Grant Ingersoll (19:13):

I think there’s something really poignant in there around career advise. A couple of things just to highlight it. The, as I think about it, you know, one is you just kind of went for it with reaching out to people, you know, and in some ways you’re, you know, you were fortunate at the time, like the internet wasn’t as saturated as it is today was spam and all that, but it was still was there still is a fair amount of it. But you know, you took, you took the leap and then you started making connections and then you know that fake it till you make it, if you will or, or lean into the next level seems, you know, like a really key part of this as well. So I just wanted to highlight that for our listeners cause that’s something like when I’m hiring folks, that’s what I look for too, is that lean in, figure it out kind of mentality that says I’m going to go do this because I want to learn.

Charles Max Wood (20:08):

Right. Yeah, absolutely. The other thing is, is that all of the people that I’ve mentioned, whether they’re high profile people like David Heinemeier Hansson or you know, maybe have a lower public profile, they all, were willing to help out. I mean just to give another example, you know, with the H H Mmm. I was at rails comp. He’d given the keynote the day before and I’m walking in to the keynote the next day

Charles Max Wood (20:37):

And I’m walking down the aisle and I see a seat next to him. And I almost kept walking right? Because I was super nervous, you know, this is one my heroes. And I took a deep breath swallowed a little bit of pride and went and sat next to him and started chatting with him and then said something like, you want to come on my show, right? And he, and he said yes. And we worked it out. And that’s the other thing that I found with a lot of folks is that if there’s somebody out there doing something you’re interested in ask, I mean worst case scenario, they’re going to be busy and it’ll take them a little while to get around to you or you know, they may tell you no because they have something critical going on in their lives. I’ve had a few people tell me no, because you know, they have some family issue or something going on. Sure. But the vast majority of people, they are delighted to talk to you.

Grant Ingersoll (21:29):

Yup. That’s the dirty little secret of, of this podcast too, is you know, a lot of the guests on there are just people I wanted, I wanted to learn from. And so I just started emailing. I think you’re, this is about 35, 36 episodes in and you know, we’ve had a whole host of people from a variety of backgrounds and it was just like Hey, do you want to be on the show? And just reach out, you know, I want to,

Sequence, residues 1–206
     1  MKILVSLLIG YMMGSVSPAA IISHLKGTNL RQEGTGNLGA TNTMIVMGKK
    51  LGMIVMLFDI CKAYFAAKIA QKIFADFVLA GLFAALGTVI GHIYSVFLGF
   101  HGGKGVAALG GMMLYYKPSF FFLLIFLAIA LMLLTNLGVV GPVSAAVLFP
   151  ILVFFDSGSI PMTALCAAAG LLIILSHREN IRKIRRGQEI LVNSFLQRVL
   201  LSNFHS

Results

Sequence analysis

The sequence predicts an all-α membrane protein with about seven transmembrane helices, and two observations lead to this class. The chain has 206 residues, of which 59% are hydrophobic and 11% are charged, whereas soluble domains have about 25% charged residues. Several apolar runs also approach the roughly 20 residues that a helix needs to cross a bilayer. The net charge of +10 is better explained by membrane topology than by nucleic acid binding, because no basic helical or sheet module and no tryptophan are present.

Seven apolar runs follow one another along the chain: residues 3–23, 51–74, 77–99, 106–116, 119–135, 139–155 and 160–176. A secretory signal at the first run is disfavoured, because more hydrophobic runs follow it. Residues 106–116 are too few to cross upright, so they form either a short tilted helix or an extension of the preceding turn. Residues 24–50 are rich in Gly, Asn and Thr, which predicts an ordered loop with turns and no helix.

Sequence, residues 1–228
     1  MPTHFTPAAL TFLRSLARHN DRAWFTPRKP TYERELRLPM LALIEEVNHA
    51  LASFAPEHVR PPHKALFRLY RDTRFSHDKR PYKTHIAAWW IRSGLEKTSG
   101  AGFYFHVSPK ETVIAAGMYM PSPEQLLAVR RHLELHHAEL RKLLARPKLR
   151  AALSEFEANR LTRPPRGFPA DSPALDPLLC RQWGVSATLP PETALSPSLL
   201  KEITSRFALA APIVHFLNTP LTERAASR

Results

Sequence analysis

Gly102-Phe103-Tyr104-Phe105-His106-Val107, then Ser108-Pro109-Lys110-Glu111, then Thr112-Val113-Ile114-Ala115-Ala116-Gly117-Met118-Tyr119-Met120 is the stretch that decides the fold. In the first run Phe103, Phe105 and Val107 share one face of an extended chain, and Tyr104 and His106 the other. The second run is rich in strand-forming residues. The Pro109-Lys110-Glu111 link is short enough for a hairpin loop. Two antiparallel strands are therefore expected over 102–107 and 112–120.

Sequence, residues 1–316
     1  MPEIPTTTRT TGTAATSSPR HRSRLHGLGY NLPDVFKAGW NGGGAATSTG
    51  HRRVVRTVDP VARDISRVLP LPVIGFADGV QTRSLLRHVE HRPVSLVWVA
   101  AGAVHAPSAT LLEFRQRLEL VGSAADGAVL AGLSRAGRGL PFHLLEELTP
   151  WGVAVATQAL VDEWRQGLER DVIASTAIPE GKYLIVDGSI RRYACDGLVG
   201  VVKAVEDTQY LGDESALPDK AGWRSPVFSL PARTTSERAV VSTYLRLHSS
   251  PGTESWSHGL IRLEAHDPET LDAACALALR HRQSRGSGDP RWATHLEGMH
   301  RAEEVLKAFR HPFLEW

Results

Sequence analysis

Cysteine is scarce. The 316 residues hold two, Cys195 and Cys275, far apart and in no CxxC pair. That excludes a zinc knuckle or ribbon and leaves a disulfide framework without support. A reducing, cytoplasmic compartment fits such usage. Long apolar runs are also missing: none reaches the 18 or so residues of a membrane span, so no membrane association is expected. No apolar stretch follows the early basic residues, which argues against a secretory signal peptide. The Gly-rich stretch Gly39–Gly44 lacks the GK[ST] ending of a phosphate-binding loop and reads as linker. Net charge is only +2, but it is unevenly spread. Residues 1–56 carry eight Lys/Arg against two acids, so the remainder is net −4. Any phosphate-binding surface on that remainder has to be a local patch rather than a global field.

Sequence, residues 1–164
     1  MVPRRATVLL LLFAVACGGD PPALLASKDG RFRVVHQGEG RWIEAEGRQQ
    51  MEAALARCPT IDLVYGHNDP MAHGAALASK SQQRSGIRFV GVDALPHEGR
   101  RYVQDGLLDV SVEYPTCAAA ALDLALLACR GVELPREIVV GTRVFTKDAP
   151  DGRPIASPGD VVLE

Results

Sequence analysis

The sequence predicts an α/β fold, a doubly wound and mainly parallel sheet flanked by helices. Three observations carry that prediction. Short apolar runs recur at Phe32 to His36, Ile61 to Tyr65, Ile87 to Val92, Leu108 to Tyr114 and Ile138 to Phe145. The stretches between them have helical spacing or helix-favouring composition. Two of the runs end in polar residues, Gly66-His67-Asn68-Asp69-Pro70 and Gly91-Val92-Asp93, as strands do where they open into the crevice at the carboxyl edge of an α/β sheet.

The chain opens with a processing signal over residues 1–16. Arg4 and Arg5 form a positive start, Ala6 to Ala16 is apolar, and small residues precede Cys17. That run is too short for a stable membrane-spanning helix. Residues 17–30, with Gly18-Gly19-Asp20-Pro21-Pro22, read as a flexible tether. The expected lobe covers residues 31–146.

Charles Max Wood (21:57):

Having a show helps with that though. People, people like being on shows.

Grant Ingersoll (22:00):

Yeah. But like my show didn’t even exist, you know, for a long time. Like there was no social proof for the show. You know, obviously I’ve got some social proof of being in the community and things like that, but, you know, they, many of them don’t know me. I’ve never met me. I just give them a little pitch, the elevator pitch and say, you know, what do you think? And you know, people like to talk about themselves. So it’s a great format. I think what you’re doing and, and I’m trying to actually emulate that as well here.

Charles Max Wood (22:34):

Yeah. I just, I just want to make it approachable for people, right. I want to show them that, Hey, look, you know, the, the person that maintains this giant project that you use every day to get your work done is human. Just like you. I actually have three shows on dev, two of which I host that are similar to this, where I capture somebody’s story and we just talk through their journey. Yeah. Yeah. It’s awesome. It’s the same idea, right? It’s like, look, this is the person that invented, you know, whatever. And they’re just a person like you. And sometimes the, you know, sometimes they’re the sort of stereotypical genius coder that was a kid that was, you know, hacking on stuff when they were 10. But I would say about 50% of the people we talked to who have done high profile things in the programming community, they picked it up as an adult and some of them didn’t even go to college. Yeah. And so it, I mean, you can be anybody and come do this.

Grant Ingersoll (23:30):

Yeah, for sure. Now, and that’s one of the themes of this show for sure. I want to hit on, come back to a specific point in your life that, that conversation with your wife of well well probably I think, I think there’s two levels there. The first level of like, I’m going to go [inaudible] beyond my own. I’m going to take my career into my own hands. You know, that proverbial who else would I bet on besides me [inaudible] thing. Or if you don’t feel comfortable betting on yourself, then you probably got a problem. Right? Yeah. Drilling on that a little bit more, cause I think that such a poignant moment in life of taking that leap and then, you know, how did you get your first customer? How did you like kind of build out, you know, make, make a living as it were?